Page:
Wednesday, October 03, 2018

TTAB Affirms Section 2(e)(4) Surname Refusal of KIPLING for Eyeglasses and Picture Frames

In a 31-page opinion, the Board affirmed a Section 2(e)(4) refusal of KIPLING for, inter alia, eyeglasses and picture frames finding the mark to be primarily merely a surname, and further finding that applicant failed to prove acquired distinctiveness under Section 2(f). Applicant argued that consumers identify the term KIPLING with the famous historical author, Rudyard Kipling, but the evidence failed to show "that Mr. Kipling presently has sufficient notoriety that KIPLING would be understood by the relevant purchasing public as referring solely to Rudyard Kipling, or that Rudyard Kipling is a historical figure." In re Kipling Apparel Corp., Serial No. 86356569 and 86356608 (September 28, 2018) [not precedential] (Opinion by Judge Jyll Taylor).

Section 2(e)(4) Refusal: Applying the Board's Benthin factors, the Board found that KIPLING is a rare surname (around 350 individuals in the United States), but it noted that even a rare surname is unregistrable if its primary significance is a surname. No one connected with applicant has the surname KIPLING. However, KIPLING has no meaning other than as a surname. The Board was unable to determine, due to lack of evidence, whether KIPLING has the structure and pronunciation of a surname.

Applicant contended that its mark is similar to DAVINCI and SOUSA, both names of historical figures and both found registrable in published Board decisions. The Examining Attorney maintained that KIPLING is only "semi-historical" and pointed to the ROTHSCHILD case, where that mark was found to be primarily merely a surname despite being the name of a historical banking family, and also to the MCKINLEY case that had the same result.

The Board, however, noted that in the DAVINCI case there were only two telephone listings for that surname, and therefore the name DAVINCI nearly exclusively connoted the 15th century artist, sculptor, and jack-of-all-trades. As to SOUSA, his renown as a composer of patriotic music and the involved goods and services being pyrotechnical resulted in a finding that the primary significance of "Sousa" was as the name of John Philip Sousa, composer of patriotic marches.

The Board found the MCKINLEY case more on point. There, although the Board noted that McKinley was the historical name of a U.S. President, and although many towns, cities, schools and institutions are named after him, there was insufficient evidence to show that MCKINLEY would be perceived by the public as identifying the historical figure and not as merely a surname.

Similarly, the Board found here that purchasers "would not view Rudyard Kipling as a historical figure such that the primary connotation of the term KIPLING would be to him."

[A]s the Board has previously noted, "[t]here is a difference between being an individual that has made an historically significant contribution ... [and] an individual that has achieved such renown as to become an historical figure." In re Thermo LabSystems Inc., 85 USPQ2d 1285, 1289 (TTAB 2007). Here, while the evidence shows that Mr. Kipling has made a significant literary contribution with his short stories and poems, and that he was a popular writer during the late 19th and 20th centuries, there is insufficient evidence of his current popularity.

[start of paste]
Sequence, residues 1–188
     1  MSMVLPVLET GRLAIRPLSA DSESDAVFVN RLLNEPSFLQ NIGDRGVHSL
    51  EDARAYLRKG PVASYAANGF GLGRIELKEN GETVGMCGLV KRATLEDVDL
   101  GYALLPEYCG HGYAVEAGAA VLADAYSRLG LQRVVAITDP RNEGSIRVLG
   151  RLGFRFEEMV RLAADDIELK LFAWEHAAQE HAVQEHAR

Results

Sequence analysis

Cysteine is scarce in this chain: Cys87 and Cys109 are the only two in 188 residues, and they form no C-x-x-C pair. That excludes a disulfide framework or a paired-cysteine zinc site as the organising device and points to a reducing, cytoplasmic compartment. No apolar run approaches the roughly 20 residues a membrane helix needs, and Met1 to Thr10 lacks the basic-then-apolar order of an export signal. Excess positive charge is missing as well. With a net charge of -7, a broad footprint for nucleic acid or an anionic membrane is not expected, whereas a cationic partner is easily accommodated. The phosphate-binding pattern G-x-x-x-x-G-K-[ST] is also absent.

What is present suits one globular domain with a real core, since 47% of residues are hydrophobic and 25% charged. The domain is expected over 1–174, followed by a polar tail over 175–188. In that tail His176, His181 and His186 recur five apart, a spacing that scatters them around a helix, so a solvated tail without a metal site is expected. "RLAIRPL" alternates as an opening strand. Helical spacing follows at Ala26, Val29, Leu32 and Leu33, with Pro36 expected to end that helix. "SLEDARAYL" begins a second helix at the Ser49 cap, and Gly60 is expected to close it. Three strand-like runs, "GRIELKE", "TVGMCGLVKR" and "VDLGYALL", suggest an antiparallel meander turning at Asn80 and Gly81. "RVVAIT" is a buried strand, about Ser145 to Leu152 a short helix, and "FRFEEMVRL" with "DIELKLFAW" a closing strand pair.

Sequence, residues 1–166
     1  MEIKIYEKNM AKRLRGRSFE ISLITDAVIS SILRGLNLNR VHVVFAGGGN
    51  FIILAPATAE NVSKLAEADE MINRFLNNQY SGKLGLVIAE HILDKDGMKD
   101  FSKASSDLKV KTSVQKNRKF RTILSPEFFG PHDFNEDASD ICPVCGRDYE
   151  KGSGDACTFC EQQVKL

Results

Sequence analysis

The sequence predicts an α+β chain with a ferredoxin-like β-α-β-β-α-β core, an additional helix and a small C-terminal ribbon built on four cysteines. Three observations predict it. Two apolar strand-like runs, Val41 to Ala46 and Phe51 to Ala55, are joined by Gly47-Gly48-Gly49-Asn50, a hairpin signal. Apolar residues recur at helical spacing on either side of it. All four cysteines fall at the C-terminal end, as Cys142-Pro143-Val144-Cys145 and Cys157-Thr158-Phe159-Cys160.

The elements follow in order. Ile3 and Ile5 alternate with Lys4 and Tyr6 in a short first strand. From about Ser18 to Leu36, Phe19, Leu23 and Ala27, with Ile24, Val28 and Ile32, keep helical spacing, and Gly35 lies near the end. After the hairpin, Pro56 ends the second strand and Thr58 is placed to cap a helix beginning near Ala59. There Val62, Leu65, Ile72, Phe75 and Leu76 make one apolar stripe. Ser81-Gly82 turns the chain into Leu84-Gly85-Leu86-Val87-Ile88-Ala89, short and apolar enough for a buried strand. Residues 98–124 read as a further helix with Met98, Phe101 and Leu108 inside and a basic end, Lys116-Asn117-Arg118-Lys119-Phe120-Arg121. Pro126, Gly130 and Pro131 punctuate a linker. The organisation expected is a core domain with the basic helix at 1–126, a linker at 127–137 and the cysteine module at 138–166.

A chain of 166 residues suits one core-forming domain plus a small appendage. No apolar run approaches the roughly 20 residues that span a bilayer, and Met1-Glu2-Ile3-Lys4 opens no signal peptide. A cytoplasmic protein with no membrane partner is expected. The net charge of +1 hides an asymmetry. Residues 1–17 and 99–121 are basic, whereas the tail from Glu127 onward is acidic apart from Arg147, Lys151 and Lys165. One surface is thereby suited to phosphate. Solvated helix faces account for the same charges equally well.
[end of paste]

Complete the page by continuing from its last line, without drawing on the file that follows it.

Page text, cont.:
The evidence submitted by applicant failed to persuade the Board that Rudyard is a historical figure. Google search results mostly reference Rudyard Kipling or societies featuring his work, but the listings also included two other individuals named Kipling as well as listings for applicant's brand. The fact that applicant states on its website that its brand was named after Rudyard Kipling and explains who he is undercuts its assertion that the primary significance of the term KIPLING is to the British author.

And so the Board concluded that KIPLING is primarily merely a surname.

Acquired Distinctiveness: For these two intent-to-use applications, applicant claimed acquired distinctiveness based on its ownership of prior registrations for the mark KIPLING in standard character and design form (shown below) for luggage, clothing, and retail luggage store services. The Board found that the standard character marks are identical to the applied-for mark, but not the design forms of the mark. Therefore the registrations for the design forms could not be relied upon for acquired distinctiveness.

As to the standard character registrations, the Board found the goods neither intuitively related nor complementary on their fact to the goods of the applications at issue. The Board refused to take judicial notice of third-party registration evidence regarding the relatedness of the goods. [Compare the recent CAFC case involving the Prince of Wales symbol, where the CAFC ordered the Board to take judicial notice of the file history of the Prince of Wales registration - ed..]

The Board concluded that applicant failed to prove that the applied-for marks had acquired distinctiveness, and so it rejected applicant's Section 2(f) claim.

Read comments and post your comment here.

TTABlog comment: If a survey were taken as to the meaning or significance of KIPLING, what level of results would satisfy the Board that KIPLING was perceived as a reference to the British author rather than as a surname? What if applicant were trying to register KIPLING for restaurant services featuring Indian cuisine?

Text Copyright John L. Welch 2018.


At 8:16 AM, Anonymous Doug said...

I don't know if the Kipling double entendre would have worked, but I have never Kippled.

At 8:22 AM, Blogger Frank said...

This decision is just plain wrong and shows the shortcomings of the surname refusal analysis. I hope the applicant appeals.

At 12:15 PM, Blogger Bob Cumbow said...

What Frank said.


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